CHURCH OF ST CUTHBERT

Overview

Heritage Category:
Listed Building
Grade:
II
List Entry Number:
1393131
Date first listed:
16-Feb-2009
Statutory Address:
CHURCH OF ST CUTHBERT

Map

Ordnance survey map of CHURCH OF ST CUTHBERT
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Location

Statutory Address:
CHURCH OF ST CUTHBERT

The building or site itself may lie within the boundary of more than one authority.

County:
Cumbria
District:
Eden (District Authority)
Parish:
Dufton
National Grid Reference:
NY 68486 26201

Reasons for Designation

St Cuthbert's Church is designated at Grade II for the following principal reasons: * It is a good example of a late C18th church that retains elements of its original medieval fabric * Its late C18th design and rebuilding has produced a structure that is both simple yet architecturally imposing in stature * The building's original medieval tradition of competently using good quality local materials in its construction has continued during rebuilding and repairs undertaken during the last three centuries * The church is a prominent feature within the local landscape, its setting enhanced by its slightly elevated position and dramatic backdrop of towering fells.

Details

DUFTON

155/0/10011 CHURCH OF ST CUTHBERT 16-FEB-09

II A medieval church rebuilt in 1784 to an architectural style loosely `Gothick' in form with stained glass by Faucet of Appleby, restored internally in 1853 and repaired in 1946.

MATERIALS: Red sandstone with dressings of the same beneath pitched slate roofs.

PLAN: The church is sub-rectangular with a chancel at the east end, central nave, square tower and gallery stair at the west end, and a vestry attached to the north wall of the chancel.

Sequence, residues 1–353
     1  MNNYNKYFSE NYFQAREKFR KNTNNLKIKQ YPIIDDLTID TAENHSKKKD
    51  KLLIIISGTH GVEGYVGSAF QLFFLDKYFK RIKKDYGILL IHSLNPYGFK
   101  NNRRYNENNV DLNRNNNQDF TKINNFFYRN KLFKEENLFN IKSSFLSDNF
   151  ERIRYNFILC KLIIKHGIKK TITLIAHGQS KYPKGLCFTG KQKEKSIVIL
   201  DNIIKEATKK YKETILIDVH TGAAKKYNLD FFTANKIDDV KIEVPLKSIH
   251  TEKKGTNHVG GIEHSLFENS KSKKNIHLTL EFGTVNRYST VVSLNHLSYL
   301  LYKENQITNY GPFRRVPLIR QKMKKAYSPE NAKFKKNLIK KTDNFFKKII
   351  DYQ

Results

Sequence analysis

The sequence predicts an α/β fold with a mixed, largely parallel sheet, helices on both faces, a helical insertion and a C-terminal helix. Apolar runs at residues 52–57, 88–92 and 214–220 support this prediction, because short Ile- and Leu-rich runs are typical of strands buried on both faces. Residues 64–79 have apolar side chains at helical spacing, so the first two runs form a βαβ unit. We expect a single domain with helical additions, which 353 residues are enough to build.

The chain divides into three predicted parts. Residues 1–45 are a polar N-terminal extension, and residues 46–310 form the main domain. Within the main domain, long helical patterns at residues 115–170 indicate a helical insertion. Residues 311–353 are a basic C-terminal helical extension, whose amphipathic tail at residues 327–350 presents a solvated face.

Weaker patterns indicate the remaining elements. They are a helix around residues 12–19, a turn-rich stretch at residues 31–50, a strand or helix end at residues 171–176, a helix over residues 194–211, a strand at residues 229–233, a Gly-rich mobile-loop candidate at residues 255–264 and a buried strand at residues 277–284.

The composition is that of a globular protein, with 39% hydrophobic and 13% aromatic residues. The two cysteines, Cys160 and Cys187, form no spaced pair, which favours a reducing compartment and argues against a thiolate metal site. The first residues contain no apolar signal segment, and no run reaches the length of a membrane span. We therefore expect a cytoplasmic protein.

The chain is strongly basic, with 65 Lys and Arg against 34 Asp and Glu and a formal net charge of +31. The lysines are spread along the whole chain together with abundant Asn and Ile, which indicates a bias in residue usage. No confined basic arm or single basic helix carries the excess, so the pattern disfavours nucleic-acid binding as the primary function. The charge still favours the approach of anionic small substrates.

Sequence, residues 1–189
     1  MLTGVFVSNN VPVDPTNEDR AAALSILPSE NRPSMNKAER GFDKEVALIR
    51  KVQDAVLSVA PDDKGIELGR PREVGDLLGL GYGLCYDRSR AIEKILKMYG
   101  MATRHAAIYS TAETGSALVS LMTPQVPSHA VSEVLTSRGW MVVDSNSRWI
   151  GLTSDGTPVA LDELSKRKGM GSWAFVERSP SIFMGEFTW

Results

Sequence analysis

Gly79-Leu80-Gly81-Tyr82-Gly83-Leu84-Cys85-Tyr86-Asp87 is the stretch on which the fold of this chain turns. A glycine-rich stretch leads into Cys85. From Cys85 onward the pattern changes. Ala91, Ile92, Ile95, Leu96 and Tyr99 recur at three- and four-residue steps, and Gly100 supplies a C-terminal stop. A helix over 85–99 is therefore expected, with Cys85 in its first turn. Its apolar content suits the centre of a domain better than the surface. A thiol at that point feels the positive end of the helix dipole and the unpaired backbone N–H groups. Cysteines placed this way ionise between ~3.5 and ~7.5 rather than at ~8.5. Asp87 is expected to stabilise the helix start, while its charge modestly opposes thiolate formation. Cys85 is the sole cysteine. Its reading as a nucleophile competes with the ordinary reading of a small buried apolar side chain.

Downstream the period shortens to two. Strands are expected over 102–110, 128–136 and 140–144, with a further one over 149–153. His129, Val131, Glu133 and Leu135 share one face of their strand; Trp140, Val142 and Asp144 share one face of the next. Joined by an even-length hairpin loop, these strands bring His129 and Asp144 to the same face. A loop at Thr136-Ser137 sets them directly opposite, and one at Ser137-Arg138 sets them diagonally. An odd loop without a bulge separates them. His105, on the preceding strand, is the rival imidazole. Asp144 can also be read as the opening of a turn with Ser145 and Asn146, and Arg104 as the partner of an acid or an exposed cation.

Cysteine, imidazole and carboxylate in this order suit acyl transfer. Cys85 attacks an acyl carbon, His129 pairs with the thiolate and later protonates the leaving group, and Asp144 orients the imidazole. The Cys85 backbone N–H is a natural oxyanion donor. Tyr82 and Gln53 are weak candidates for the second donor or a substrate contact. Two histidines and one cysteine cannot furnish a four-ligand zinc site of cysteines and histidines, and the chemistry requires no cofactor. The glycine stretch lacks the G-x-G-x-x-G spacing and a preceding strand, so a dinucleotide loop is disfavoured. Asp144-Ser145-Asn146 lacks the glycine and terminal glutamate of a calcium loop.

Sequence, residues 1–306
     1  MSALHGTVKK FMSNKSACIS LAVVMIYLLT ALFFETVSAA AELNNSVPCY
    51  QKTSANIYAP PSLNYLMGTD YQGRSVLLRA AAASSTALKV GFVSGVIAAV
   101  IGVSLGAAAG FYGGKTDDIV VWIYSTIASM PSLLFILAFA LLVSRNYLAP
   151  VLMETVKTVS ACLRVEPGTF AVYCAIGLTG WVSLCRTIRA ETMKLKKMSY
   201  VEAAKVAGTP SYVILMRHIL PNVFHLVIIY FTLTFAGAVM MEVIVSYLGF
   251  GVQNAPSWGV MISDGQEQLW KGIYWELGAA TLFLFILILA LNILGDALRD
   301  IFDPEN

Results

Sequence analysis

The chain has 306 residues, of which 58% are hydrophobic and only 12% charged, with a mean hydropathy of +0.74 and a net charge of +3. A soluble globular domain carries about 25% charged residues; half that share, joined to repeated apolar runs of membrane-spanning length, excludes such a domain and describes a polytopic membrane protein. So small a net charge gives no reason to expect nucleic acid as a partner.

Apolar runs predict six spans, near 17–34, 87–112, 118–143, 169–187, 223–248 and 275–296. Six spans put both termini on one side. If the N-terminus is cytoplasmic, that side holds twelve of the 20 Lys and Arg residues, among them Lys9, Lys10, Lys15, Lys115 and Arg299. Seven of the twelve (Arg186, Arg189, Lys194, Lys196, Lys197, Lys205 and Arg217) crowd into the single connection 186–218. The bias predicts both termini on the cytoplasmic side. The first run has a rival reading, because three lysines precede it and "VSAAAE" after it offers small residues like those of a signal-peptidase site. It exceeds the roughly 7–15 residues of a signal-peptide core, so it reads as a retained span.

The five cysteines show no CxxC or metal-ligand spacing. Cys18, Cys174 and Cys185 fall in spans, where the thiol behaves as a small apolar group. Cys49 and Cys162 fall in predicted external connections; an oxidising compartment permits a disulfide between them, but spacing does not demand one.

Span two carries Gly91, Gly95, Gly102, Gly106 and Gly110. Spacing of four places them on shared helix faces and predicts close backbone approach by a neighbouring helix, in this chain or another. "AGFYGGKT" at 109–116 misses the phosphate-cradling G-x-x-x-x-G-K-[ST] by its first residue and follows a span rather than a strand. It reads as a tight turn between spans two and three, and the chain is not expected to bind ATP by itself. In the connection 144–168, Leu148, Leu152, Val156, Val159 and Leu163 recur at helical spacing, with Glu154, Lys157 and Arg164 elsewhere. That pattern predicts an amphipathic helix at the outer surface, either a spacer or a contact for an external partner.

EXTERIOR: All windows have pointed arches beneath hoodmoulds. The chancel east elevation has a stone mullioned window with three lights and intersecting tracery. There is a smaller blocked rectangular window to its right. At the apex of the roof a square plinth supports a carved round finial with circular holes in the form of a cross bored through it. There are three windows to the north elevation and four to the south, each stone mullioned with two lights and Y-tracery. The south elevation has a reset carved Roman or Anglo-Saxon figure in a round-headed panel towards its east end, and traces of a blocked early doorway beneath and adjacent to its west window. There is a tapered carved coffin lid of possible C13th date depicting an ornamental cross on a stepped base, a sword, an arrow and bow reset in the west return. The north elevation has a blocked round-arched window towards its west end. A vestry attached to the north elevation has a timber door beneath a segmental arch and hood moulding at its junction with the chancel wall and a single light window in the opposite wall. The west tower is square in plan with entrance through timber double doors beneath a pointed arch and hoodmould. The belfry has matching pointed arched openings beneath hoodmoulds. The tower is finished by a continuous dripmould above which is a parapet with crenellations and corner pinnacles topped by spirelets. There is a stair tower with a single-light window attached to the north elevation of the tower.